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Ariel Pink's Haunted Graffiti, Black Moth Super Rainbow and Darlingside

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Thursday, October 11, 2012

Ariel Pink's Haunted Graffiti

Mature Themes

(4AD)

Despite the title, Ariel Pink's new album revels in its juvenile impulses. It's filled with choruses of "Who sank my battleship?", references to video games, and odes to schnitzel, nymphos, and "yummy pink slime." Mature Themes is more defiantly quirky than 2010's remarkable Before Today, but it's also less successful. The ebullient "Only In My Dreams" and affecting "Farewell American Primitive" are among the best things he has recorded, but this batch of hazily produced, keyboard-driven songs are frequently hit-or-miss. It's never a good sign when an obscure cover—Emerson's "Baby," a slinky and soulful duet with DamFunk—proves to be the album's highlight. Ariel Pink has been rightfully touted for his ability to seamlessly blend shards of '80s pop music into eccentric songs that sound naggingly familiar, but here his combination of sophisticated arrangements and sarcastic humor evokes Frank Zappa's early recordings more than anything else.

—Jeff Jackson

 

Black Moth Super Rainbow

Cobra Juicy

(Rad Cult)

I want to set my iPod to wake me up to this album. "Black Moth Super Rainbow" is less a random collection of words, more an accurate description of the impression the music leaves you with. Cobra Juicy is the band's fifth album, coming after a three-year hiatus. The tracks spin around, lighting up in Technicolor electric sound. There is darkness, too, an edge that shows up in beats and in raspy lyrics. On "Psychic Love Damage" you can't understand the words, but it really doesn't matter—the occasional coherent word enhances the feeling of fuzzy disorientation that the rest of the music creates. Cobra Juicy feels and sounds like the best kind of bad decision—it's partially nostalgic, partially trippy, and fully seductive.It pulls from the '70 and '80s, but stays true to its times.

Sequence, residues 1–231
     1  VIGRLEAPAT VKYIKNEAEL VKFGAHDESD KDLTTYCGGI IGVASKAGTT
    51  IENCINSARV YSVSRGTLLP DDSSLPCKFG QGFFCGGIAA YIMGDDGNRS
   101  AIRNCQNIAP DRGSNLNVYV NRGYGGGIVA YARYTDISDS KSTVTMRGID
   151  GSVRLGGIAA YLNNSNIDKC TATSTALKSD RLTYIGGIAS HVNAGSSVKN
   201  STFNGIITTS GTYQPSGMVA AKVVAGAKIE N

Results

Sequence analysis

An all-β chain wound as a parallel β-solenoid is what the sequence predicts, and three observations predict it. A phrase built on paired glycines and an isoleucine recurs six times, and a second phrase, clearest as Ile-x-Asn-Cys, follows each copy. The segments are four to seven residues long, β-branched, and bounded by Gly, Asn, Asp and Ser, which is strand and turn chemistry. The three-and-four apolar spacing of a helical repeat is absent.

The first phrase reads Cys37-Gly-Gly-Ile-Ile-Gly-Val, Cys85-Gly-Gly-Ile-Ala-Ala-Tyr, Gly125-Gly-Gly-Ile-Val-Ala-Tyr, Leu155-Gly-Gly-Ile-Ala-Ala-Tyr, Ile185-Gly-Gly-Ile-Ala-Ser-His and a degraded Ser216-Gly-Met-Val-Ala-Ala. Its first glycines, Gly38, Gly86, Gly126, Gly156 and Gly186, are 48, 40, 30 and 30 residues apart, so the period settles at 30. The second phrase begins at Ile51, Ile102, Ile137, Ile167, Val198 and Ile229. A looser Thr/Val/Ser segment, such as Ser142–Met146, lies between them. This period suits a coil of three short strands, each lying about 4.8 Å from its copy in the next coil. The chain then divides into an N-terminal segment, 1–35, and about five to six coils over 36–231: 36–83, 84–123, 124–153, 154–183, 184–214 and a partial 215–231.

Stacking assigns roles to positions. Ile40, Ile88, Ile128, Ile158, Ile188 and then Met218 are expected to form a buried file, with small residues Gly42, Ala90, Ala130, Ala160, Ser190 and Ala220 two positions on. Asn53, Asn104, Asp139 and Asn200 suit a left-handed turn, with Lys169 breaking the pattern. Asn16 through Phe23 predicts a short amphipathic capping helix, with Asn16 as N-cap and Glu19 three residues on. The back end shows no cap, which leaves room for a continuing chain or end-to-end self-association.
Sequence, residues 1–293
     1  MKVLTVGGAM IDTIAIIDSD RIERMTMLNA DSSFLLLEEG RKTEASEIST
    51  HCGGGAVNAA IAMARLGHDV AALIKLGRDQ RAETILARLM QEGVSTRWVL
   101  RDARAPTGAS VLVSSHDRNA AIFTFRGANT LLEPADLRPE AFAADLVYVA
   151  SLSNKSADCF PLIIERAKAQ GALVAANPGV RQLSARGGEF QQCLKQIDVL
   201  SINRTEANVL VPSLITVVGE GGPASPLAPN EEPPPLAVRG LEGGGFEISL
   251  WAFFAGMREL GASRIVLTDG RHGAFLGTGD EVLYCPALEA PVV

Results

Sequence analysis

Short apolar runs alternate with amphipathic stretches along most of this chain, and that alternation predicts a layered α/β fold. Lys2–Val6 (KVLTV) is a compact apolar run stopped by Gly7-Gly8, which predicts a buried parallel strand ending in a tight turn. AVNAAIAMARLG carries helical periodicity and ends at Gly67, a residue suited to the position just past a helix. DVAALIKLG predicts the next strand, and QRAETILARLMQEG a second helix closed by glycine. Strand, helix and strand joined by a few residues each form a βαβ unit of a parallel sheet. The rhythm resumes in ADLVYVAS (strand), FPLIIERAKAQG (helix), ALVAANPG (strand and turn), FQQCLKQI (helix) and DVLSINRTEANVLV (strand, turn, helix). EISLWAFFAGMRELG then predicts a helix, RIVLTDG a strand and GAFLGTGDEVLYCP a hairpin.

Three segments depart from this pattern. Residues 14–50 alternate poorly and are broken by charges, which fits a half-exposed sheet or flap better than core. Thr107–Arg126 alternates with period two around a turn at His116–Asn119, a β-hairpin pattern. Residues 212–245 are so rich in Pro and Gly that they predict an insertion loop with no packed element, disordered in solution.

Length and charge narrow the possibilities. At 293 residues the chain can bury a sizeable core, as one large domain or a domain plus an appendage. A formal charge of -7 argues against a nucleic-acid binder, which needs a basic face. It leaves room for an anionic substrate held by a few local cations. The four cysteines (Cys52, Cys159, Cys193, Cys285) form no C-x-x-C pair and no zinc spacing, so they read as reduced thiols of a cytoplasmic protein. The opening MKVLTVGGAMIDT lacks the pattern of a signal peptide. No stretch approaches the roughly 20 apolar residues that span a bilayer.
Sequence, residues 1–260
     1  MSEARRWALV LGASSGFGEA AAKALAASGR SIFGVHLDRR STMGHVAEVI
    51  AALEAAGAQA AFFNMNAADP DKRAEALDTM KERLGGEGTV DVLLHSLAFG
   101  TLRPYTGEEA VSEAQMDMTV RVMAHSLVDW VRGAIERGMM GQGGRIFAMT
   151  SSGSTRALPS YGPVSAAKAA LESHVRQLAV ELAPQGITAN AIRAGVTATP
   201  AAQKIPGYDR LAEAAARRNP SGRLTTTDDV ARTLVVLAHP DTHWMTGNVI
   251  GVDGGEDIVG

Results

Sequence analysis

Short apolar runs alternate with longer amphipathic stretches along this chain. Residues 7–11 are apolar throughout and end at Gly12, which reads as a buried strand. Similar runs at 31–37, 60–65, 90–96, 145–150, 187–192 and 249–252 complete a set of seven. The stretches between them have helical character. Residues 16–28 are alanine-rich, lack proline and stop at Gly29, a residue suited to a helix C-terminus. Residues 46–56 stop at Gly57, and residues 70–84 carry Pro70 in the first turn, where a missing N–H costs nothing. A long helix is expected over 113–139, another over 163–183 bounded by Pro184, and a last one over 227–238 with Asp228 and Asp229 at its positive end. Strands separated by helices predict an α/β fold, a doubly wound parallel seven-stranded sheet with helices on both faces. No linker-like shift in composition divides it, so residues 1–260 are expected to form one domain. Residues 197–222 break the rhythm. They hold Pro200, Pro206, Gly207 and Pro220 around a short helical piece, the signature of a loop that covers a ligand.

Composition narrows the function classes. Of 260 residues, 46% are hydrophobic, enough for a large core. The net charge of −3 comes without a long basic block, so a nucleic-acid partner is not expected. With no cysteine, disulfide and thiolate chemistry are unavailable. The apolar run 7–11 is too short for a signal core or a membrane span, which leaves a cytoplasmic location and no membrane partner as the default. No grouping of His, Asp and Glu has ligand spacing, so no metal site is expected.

—Kathleen Broadhurst

 

Darlingside

Pilot Machines

(Planetary Group)

Combining watery pop progressions with clever melodies, state-of-the-art looping techniques and strange, somewhat otherworldly lyrics, this recording delivers rich, thought-out music that's in no hurry to go in any particular direction. There are ballad-ish numbers, dancy rockers and wandering odes often embellished with the band's trademark string arrangements. The common thread seems to be a progressive, trance-y element that recalls mid-career Yes or Peter Gabriel albums, replete with hypnotic arpeggios achieved via plucked violin strings, loopy 12-string guitar Fripperies and Bela Fleck-flavored banjo parts, with a very skilled, high tenor voice weaving a distant but beckoning elvish cantrip through the music's stratosphere. Complex vocal harmonies are equally impressive on this effort, and the production (by local-ish rock royalty Nathaniel Kunkel) is simply outstanding. "When Fortune Comes," while not likely to be a "hit single," is a moving, exceptional song in every aspect.

—Tom Sturm

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